During Branksome’s Holocaust Education Week, we welcomed Hedy Bohm, a Holocaust survivor, to the school who shared her story with Senior and Middle School students.
Growing up in Romania, Hedy dreamed of becoming a Gym or Dance teacher – that was until she turned 16-years-old. “Life turned a different direction in March 1944 when my mother sewed a yellow star on my coat,” said Hedy.
A month later, in April 1944, Hedy was ordered to leave her home with nothing but an overnight bag. “All valuables had to be handed over to police like jewelry, paintings and sculptures,” she said. “There was a car waiting to send us to the ghetto where we’d be separated by a huge fence.”
Hedy, her mother and father were instructed to share a small apartment with three other families. Before long, Nazi soldiers entered the ghetto and everyone was put in cattle cars that were “dark, terrible and smelly,” Hedy described.
Hedy said no one knew where they were being taken but thought they were going to the border to work. “No one believed the fate that was waiting for us, this couldn’t happen in the twentieth century,” she said.
After a three-day journey, they arrived at Auschwitz.
“I saw Nazi soldiers standing in front of us with rifles and leashes with big, barking dogs,” she said. “They were shouting ‘get out, quick, quick’.”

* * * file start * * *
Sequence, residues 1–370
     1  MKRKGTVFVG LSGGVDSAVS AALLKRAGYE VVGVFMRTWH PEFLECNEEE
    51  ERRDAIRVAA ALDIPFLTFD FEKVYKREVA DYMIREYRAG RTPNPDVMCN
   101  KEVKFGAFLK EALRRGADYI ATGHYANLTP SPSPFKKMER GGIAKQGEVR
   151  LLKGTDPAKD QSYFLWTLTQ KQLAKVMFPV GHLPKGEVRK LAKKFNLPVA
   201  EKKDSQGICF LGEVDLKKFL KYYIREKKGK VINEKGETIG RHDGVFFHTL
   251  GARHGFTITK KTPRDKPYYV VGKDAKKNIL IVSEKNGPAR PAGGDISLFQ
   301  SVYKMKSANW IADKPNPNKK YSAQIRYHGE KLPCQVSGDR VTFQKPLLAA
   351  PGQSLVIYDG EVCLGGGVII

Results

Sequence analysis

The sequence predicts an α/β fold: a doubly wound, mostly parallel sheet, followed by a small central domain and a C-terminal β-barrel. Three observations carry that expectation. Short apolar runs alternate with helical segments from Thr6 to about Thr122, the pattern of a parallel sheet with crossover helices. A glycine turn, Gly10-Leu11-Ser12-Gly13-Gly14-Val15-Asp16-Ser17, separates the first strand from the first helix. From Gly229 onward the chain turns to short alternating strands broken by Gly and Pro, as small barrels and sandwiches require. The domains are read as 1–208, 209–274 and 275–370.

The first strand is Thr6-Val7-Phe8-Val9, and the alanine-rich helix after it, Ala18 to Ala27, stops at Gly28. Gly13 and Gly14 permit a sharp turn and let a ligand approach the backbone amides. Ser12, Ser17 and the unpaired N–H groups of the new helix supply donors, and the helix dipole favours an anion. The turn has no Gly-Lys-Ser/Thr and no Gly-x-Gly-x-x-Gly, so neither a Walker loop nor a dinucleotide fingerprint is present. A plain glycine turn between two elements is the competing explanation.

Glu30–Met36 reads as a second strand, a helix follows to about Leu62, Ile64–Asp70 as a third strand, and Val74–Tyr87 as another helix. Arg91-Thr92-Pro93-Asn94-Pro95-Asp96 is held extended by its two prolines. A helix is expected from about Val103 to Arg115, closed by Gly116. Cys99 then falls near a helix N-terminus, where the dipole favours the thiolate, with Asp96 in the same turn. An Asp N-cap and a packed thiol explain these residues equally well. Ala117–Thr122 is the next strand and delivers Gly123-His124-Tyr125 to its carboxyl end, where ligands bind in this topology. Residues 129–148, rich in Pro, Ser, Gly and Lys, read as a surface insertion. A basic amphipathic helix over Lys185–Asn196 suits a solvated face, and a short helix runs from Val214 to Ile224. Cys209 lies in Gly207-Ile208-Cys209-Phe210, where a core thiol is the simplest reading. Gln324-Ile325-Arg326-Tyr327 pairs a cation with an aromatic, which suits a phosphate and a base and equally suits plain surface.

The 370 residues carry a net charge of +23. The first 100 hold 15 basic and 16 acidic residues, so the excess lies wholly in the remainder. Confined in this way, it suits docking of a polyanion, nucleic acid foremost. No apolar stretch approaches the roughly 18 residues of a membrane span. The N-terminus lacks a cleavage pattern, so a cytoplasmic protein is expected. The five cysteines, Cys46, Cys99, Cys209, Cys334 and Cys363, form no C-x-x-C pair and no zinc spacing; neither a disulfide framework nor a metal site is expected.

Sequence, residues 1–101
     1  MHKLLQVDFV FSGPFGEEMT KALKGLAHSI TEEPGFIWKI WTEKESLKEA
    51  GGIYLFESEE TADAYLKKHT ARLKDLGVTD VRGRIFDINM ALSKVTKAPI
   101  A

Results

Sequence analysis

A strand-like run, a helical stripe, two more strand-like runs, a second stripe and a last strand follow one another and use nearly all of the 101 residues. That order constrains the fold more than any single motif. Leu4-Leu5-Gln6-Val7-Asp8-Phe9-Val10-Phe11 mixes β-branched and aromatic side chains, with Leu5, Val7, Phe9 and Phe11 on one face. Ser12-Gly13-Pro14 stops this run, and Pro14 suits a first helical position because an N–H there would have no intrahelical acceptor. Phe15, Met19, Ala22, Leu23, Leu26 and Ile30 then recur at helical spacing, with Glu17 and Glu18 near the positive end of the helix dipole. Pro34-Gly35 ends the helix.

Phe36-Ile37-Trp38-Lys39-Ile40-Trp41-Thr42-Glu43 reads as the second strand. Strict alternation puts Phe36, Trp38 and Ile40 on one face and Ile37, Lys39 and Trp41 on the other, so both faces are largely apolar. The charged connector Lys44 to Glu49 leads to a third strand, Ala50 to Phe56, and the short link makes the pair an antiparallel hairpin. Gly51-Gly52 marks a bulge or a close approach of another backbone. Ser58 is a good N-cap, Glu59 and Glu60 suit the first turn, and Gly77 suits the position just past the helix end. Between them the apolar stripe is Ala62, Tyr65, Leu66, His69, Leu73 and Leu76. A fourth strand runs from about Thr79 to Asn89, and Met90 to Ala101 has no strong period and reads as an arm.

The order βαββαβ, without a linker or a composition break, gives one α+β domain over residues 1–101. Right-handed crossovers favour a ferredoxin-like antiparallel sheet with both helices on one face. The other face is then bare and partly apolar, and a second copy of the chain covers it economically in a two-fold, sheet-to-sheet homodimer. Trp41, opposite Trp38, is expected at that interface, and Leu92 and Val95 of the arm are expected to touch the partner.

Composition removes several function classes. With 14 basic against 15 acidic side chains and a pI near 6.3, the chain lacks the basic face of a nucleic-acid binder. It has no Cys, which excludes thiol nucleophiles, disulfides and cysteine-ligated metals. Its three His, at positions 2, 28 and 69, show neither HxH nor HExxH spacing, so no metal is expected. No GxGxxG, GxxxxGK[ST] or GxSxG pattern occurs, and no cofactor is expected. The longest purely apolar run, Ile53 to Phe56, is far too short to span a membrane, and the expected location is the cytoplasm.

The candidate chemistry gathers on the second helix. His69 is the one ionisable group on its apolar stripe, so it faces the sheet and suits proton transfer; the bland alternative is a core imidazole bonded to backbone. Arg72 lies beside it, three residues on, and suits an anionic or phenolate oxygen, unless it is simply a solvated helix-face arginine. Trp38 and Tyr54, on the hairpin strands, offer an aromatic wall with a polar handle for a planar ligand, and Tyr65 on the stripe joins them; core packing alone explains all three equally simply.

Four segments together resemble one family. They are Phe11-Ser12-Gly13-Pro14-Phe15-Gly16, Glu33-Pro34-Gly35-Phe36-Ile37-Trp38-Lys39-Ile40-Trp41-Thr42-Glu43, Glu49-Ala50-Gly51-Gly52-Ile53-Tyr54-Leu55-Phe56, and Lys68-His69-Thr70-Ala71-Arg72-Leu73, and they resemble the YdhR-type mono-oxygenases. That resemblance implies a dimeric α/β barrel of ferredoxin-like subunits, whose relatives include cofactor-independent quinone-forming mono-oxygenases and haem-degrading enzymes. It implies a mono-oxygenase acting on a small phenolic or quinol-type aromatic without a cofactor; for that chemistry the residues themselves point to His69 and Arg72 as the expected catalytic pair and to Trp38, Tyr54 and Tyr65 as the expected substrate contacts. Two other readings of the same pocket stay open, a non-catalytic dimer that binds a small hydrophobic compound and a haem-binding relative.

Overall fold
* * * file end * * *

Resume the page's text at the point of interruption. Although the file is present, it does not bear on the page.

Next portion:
“Men were ordered to go to the left and my dad was gone before I could say goodbye. I never saw him again,” Hedy said.
Hedy was stopped by a soldier when she began to follow her mother and Hedy let out a cry. “She turned around and looked at me and I looked at her for what felt like an eternity, then she kept going. It was the last time I saw her,” said Hedy.
Hedy was told she was going to be “disinfected” and was ordered to undress and shower before being shaved. “The humiliation and embarrassment was unbearable,” Hedy said. The next morning she woke up for roll call, “we stood for hours and hours two times a day, waiting to be counted – that was how our day started and ended.”
During roll call, Hedy told the students that people were selected out of the line and sent away. “We didn’t know if we should hope to be selected or hope to stay,” she said. After three months at Auschwitz, Hedy was selected and sent to work as a slave labourer in a German factory manufacturing ammunition.
Months later she was liberated by the Americans. “Liberation was my best and worst day,” Hedy said after feeling joyous for surviving, while her family was gone. “I wouldn’t see my family again,” said Hedy, who had found out that her mother had been sent to the gas chambers the day they arrived at Auschwitz and her father had also been killed.
Not wanting to return to her hometown in Romania, Hedy received her Canadian visa in 1948. “I am forever grateful to Canada,” Hedy said.
After telling her heartbreaking story, Hedy left the students with one final piece of advice to live by. “You have to become the best you can. Don’t let anyone put you down and find the courage in yourself – that is the only hope for the world.”